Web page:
2018 | 2 | 5-7
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Editorial. Friendship—Around Michael H. Mitias’ Friendship: A Central Moral Value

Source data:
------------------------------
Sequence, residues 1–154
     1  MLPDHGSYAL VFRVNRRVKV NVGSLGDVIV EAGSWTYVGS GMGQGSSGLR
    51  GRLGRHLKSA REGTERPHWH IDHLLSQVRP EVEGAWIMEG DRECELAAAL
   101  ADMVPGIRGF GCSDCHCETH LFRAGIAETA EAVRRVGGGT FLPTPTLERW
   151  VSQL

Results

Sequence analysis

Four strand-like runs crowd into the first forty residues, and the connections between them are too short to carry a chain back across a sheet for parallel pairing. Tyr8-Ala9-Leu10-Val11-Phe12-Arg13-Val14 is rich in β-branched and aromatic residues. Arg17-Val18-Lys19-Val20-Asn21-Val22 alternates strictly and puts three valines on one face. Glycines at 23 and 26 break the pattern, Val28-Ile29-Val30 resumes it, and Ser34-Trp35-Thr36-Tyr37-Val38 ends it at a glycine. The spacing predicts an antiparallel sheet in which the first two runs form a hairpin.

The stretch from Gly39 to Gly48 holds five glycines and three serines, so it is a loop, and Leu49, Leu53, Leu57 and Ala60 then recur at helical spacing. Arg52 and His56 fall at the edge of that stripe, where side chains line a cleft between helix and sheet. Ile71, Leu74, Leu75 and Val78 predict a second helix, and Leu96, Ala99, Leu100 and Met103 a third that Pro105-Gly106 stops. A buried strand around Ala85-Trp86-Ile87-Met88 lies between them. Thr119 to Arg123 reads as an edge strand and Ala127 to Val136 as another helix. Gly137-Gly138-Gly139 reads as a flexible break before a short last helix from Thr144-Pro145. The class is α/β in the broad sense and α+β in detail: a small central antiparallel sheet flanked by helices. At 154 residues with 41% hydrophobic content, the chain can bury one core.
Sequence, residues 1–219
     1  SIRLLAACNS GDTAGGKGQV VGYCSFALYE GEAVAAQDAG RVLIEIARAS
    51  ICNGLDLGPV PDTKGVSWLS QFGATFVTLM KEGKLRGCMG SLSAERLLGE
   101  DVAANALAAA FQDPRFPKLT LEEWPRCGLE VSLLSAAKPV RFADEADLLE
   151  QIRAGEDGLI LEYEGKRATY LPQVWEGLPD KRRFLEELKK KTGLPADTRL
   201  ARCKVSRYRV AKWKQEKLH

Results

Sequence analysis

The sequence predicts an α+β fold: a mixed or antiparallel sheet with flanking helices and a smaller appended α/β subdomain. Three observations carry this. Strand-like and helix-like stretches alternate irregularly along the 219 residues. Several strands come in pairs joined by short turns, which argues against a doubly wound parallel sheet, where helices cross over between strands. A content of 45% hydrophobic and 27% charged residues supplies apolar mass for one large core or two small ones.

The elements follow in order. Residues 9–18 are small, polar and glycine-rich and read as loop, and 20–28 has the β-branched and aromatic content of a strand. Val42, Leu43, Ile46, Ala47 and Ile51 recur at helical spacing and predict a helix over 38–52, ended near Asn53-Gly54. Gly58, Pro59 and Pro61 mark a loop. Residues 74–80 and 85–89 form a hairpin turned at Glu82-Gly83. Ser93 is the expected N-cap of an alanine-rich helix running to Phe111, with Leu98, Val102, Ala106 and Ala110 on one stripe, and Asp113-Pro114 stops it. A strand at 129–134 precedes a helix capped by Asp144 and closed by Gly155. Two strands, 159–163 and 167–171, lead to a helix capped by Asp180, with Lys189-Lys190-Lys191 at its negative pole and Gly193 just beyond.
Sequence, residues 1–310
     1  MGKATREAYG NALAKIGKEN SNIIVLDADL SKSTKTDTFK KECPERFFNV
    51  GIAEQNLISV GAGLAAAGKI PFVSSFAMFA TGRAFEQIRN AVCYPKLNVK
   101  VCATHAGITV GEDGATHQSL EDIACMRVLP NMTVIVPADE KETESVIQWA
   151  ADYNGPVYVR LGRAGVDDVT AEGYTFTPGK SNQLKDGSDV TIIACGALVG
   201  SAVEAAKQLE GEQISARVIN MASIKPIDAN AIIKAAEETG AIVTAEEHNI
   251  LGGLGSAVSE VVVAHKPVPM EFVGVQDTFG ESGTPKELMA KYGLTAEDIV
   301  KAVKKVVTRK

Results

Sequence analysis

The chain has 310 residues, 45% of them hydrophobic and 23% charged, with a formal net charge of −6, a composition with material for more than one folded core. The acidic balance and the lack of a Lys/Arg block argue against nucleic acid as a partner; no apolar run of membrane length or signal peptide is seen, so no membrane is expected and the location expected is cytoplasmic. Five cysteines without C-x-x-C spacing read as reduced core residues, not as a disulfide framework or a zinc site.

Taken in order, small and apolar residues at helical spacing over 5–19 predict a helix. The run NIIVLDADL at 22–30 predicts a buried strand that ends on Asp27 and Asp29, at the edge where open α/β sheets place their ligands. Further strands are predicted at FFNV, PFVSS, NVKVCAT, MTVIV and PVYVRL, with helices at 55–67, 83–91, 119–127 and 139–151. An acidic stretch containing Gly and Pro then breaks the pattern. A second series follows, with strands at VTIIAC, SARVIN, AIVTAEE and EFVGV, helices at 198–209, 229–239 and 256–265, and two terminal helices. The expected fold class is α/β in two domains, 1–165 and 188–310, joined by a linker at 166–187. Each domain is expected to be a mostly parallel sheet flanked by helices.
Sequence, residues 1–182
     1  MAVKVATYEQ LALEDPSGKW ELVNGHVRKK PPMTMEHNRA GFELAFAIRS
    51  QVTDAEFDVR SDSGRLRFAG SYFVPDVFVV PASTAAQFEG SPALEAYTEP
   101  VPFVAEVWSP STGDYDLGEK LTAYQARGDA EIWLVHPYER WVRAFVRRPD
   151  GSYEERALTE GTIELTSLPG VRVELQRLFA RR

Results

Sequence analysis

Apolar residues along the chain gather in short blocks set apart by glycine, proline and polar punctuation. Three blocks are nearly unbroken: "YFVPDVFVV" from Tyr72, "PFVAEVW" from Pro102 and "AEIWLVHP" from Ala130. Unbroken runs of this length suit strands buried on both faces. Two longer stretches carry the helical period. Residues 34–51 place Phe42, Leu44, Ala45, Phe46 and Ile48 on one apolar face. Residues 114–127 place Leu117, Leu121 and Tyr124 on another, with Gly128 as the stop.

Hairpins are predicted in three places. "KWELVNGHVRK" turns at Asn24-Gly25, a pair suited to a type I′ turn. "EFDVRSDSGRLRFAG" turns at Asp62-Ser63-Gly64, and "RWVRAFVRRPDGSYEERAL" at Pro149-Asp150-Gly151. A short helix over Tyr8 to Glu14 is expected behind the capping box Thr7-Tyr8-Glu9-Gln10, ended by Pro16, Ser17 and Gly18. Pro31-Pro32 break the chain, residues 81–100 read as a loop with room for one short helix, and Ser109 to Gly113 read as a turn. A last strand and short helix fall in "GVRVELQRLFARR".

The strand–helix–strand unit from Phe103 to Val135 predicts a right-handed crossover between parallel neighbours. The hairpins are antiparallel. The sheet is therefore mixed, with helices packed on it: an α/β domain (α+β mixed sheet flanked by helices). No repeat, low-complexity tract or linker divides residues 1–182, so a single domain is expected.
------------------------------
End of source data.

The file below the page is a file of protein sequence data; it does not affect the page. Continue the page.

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The main theme of this Dialogue and Universalism issue is friendship. The object of investigations and/or inspiration the here presented papers on friendship is Michael H. Mitias’ book Friendship: A Central Moral Value.1 In this very modest way Dialogue and Universalism would like to honour Professor Mitias—by paying attention to one of his many, though interrelated, fields of research. We have decided to follow Mitias’ interest in friendship also because this virtue plays such a significant role in human life—in its individual as well as in social scale—that it repeatedly must be given attention it merits. Although— as one of the authors, Ruth Abbey, informs—some books on friendship have been published in the last years friendship is still a neglected issue, mainly because philosophy has rarely addressed the alarming condition of friendship in recent times. And it is Mitias who restores friendship in the variant that has been rooted in the human world over the centuries, reactivates it and postulates to assign it the role of a founding item of postmodern morality; Necip Fikri Alican elucidates this in detail in his paper. This recent period has abandoned many basic traditional values apparently “for the sake of modernization” as many ideologies try to convince us, in fact imposing or sanctioning our world order run by economic interests and benefits. The Dialogue and Universalism editorial team is pleased to present here three extensive essays on Mitias’ conception of friendship and his deep-going deliberations on this subject. The essays include analyses, discussions and trace the grounding of Mitias’ conception in philosophical traditions. Also, the collection includes two other studies that do not refer directly to Mitias’ book but are thematically closely related to it. Following Aristotle’s Nicomachean Ethics (Book VIII), in philosophy friendship is commonly treated as an ethical issue and as lying in the individual subject’s sphere. However, like the majority of ethical issues, also the question of friendship inevitably extends to philosophical anthropology, especially to the problems of human being’s nature, natural, primitive features, needs and aspirations as well as those imposed from outside, issues of individual identity, freedom and autonomy in the face of friendship, and individualistic tendencies versus togetherness. Today the necessary extension of the scope of friendship goes farther on, namely to the sphere of society, culture, and civilization. Friendship is becoming a serious problem in all those domains, and cannot be viewed any longer only as an intimate relationship between two persons, a relationship devoid of socio-cultural influence and commitment. Recent socio–cultural phenomena have among others things led to the collapse or distortion of authentic human togetherness. We are witnessing the frightening disappearance of authentic friendly relationships. The very idea and value of friendship has been devalued and is currently turning into its own caricature or an empty illusion. Paradoxically, new communication media are taking part in this degradation. Facebook and other social networking websites and services are changing the intimate, private relation of being friends into collecting “likes.” Mobile phones’ texting extremely shallows conversations, and also—if they become the dominating form of communication—intimate contacts and exchange between humans. However, the degradation of friendship is mainly caused not by the flaws or side-effects of technical innovations. It is first of all a result of social changes, of changing social goals, needs, and lifestyles. Societies around the world are more and more strongly controlled by the rules of the Darwinian struggle for life, by selfish interests, by the continuous state of competition between people, by hostility toward the Other. One serious and pressing modern-day misery—in fact a widespread social disease—is loneliness, which is among other things an effect of the waning of friendship on the global scale (Mitias says a lot about loneliness and exclusion in his works, also Manjulika Ghosh writes about this phenomenon in her essay). People are lonely in the overpopulated world, in crowds, in societies, even in their families, because there are two dominant forms of human contacts: in the process of realising common interests, and in leisure. People are losing the ability to live authentically together, to be in selfless and emotionally involved relationships. The minimal and at the same time crucial benefit of friendship is avoiding loneliness. Till now the postmodern “friendship”—or, in fact, friendship in the era of late capitalism, an era in which millions were excluded, baffled and beaten, an era of the collapse of solidarity (with people seeming to unite only against an enemy or for the sake of common interests)—has not been considered by ethicists and anthropologists with attention it deserves. The threat of a human world wholly devoid of friendship, togetherness, empathy, in other words, a humankind consisting of isolated strangers, opens a new path of philosophical investigation. It seems that friendship is not only an ethical value embracing two individuals, but also a social value and dependent on socio-cultural factors. As such it also could be an object of investigation in social philosophy. This should examine why friendship changes for worse in this world, which frequently speaks of itself as the best and most civilised world in human history. Philosophy should also study obstacles to friendship in today’s multi-ethnical, multicultural and multi-religious world. In general, new conditions, situations and phenomena in the human world, which is in a constant state of flux, inspire philosophy—by founding new philosophical questions, followed by ideas, research, and conceptions. The second part of this Dialogue and Universalism issue, entitled IDEALS UNIVERSAL VALUES, DIALOGUE, includes papers on the main topics discussed in this journal: the ideals and values underlying the praxis of the human world. And as for dialogue—this time we present two entirely different instances of dialogue: a dialogue between Christianity and Judaism (Shoshana Ronen), and a dialogue between philosophy and physics (Hisaki Hashi and Herbert Pietschmann).